Here’s a  stunner from Climate Wire (subs. req’d) today:

Rural electric cooperatives, which represent many small, coal-dependent utilities in the Midwest and raised a ruckus in the House debate, are eligible for a portion of allowances under the new draft.

But at a conference last week, the head of the National Rural Electric Cooperative Association, Glenn English, said “the basis for a deal” on climate would not revolve so much around allowances, but around whether people in coal-dependent regions would get enough help with efficiency retrofits on homes so they can manage potential electricity spikes.

Wow — somebody who would rather have smart policies than more allowances.

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Interestingly, Boxer gave the Co-ops a real piece of the action:


Small Electricity Local Distribution Companies: For further consumer protection, small LDCs (including rural electric cooperatives) receive 0.5% of distributed allowances and will receive an additional 0.5% distribution of the supplemental allowance allocation described below each year from 2012 through 2025, phasing out by 2030.

I don’t see electricity price spikes resulting from the bill, since it has numerous cost-containment features, including a price collar (ceiling and floor), and regulated utility rates in general simply don’t move very quickly.

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The good news is that stimulus bill had a massive amount of money for weatherizing homes — and the House bill devotes an astonishing amount of investment and incentives toward boosting efficiency (”The triumph of energy efficiency: Waxman-Markey could save $3,900 per household and create 650,000 jobs by 2030“).  Assuming the final legislation keeps all of the efficiency measures from the House, then electricity bills will probably stay pretty darn flat for a long time — see “EPA analysis of Waxman-Markey: Consumer electric bills 7% lower in 2020 thanks to efficiency — plus 22 GW of extra coal retirements and no new dirty plants.”  One obvious improvement to the final bill would be to have part of the electricity allowances go toward, just as one third of the allowances for natural gas distributors do.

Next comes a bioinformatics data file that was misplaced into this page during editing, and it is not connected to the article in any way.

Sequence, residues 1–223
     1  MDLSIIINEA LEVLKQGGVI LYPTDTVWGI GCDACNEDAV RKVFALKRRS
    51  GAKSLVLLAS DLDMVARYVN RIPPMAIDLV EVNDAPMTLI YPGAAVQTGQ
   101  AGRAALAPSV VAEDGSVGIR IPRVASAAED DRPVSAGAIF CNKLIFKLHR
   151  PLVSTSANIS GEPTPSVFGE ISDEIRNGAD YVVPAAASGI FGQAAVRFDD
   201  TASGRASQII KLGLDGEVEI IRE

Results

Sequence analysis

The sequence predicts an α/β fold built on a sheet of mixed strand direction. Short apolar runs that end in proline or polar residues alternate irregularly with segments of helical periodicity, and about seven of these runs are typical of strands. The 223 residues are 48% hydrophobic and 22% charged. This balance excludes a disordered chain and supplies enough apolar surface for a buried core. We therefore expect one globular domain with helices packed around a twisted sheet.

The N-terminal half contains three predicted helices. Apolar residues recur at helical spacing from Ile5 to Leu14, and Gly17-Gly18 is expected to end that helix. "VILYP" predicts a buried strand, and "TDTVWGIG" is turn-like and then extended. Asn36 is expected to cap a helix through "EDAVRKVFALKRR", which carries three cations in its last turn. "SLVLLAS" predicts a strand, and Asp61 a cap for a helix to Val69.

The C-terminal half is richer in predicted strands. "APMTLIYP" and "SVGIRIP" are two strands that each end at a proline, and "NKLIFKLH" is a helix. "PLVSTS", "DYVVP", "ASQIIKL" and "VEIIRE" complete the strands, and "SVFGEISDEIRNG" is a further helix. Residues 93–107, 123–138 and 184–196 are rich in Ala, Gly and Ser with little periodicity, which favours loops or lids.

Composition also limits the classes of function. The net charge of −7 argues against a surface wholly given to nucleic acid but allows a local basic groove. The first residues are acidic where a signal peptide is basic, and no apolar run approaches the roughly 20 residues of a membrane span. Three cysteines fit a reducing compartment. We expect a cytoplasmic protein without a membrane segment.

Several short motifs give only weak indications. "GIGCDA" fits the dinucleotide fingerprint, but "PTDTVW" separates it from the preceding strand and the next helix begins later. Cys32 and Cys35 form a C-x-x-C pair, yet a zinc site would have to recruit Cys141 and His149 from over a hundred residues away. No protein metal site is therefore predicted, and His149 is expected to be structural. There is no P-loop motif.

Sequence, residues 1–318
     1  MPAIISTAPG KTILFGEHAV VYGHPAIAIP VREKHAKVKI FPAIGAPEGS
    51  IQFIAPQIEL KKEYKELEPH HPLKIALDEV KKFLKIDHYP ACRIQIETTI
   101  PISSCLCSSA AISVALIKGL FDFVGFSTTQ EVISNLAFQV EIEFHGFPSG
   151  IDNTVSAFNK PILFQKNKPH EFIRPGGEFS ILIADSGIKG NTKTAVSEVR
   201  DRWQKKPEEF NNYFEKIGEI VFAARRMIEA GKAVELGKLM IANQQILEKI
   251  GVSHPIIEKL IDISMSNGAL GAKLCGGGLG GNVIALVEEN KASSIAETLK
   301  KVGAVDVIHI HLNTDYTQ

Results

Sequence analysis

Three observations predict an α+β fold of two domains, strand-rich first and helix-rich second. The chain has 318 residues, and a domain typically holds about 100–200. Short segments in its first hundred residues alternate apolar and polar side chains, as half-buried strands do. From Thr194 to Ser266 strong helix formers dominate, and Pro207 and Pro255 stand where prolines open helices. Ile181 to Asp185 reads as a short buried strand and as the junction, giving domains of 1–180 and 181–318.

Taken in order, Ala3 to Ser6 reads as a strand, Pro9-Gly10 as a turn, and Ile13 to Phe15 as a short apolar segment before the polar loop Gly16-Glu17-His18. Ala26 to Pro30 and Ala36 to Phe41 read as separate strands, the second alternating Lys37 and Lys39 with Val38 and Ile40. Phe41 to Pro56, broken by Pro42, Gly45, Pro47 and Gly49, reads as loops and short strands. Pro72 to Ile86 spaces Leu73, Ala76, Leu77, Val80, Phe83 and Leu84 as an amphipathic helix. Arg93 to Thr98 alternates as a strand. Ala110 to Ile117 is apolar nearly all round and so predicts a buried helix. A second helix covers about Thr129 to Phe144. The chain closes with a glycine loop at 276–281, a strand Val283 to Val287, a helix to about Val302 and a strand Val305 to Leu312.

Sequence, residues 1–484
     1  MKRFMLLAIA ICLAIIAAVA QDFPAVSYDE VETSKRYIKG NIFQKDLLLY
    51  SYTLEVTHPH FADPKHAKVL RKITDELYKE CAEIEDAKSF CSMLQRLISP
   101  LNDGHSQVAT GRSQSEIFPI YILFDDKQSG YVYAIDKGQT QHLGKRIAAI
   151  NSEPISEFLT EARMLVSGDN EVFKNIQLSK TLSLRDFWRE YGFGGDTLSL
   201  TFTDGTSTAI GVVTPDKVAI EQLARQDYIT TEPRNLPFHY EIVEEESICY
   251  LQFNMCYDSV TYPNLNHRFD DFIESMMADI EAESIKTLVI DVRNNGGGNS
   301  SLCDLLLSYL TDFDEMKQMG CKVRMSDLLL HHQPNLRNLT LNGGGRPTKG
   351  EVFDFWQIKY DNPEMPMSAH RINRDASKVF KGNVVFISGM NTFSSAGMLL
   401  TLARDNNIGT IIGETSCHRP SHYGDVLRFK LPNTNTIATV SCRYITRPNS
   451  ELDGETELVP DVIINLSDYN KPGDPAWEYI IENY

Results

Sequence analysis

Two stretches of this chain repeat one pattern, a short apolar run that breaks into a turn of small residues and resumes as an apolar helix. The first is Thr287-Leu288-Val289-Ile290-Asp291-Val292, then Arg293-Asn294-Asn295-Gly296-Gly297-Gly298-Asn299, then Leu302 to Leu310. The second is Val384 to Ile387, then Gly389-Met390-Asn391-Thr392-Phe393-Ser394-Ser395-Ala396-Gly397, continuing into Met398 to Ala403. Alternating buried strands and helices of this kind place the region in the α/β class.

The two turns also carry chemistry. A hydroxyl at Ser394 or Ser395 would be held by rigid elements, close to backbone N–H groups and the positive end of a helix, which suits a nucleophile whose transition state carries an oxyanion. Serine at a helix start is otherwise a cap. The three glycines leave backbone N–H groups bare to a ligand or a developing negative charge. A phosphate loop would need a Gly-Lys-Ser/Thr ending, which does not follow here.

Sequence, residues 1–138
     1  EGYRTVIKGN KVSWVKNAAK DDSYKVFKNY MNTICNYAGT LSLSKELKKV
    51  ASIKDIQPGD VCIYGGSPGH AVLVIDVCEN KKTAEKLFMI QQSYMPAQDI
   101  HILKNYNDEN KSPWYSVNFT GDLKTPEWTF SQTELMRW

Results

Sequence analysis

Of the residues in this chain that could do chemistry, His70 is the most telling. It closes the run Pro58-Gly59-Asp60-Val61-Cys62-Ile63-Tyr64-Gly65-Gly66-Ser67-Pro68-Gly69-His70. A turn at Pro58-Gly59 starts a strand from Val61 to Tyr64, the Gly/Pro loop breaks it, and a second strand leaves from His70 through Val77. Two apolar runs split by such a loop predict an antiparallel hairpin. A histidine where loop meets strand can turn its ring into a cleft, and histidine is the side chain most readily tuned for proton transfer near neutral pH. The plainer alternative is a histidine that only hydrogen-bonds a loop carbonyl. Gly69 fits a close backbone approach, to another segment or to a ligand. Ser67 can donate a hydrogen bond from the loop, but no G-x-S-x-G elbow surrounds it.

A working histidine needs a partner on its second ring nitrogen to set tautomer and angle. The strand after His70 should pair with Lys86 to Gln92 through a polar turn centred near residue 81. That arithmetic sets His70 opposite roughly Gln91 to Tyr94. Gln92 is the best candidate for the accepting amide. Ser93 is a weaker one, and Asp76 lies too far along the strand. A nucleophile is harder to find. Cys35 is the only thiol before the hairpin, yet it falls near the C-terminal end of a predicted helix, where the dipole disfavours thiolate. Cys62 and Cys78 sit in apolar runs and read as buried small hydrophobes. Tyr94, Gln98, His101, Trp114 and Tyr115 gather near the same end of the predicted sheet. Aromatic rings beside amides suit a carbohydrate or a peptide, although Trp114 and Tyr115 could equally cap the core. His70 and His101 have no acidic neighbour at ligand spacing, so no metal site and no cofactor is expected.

In any case, I hope that English spells out in more detail exactly what he would like to see, since NRECA was slow to support the House bill, and as a result some of the local coo-ps still are still fighting the bill.

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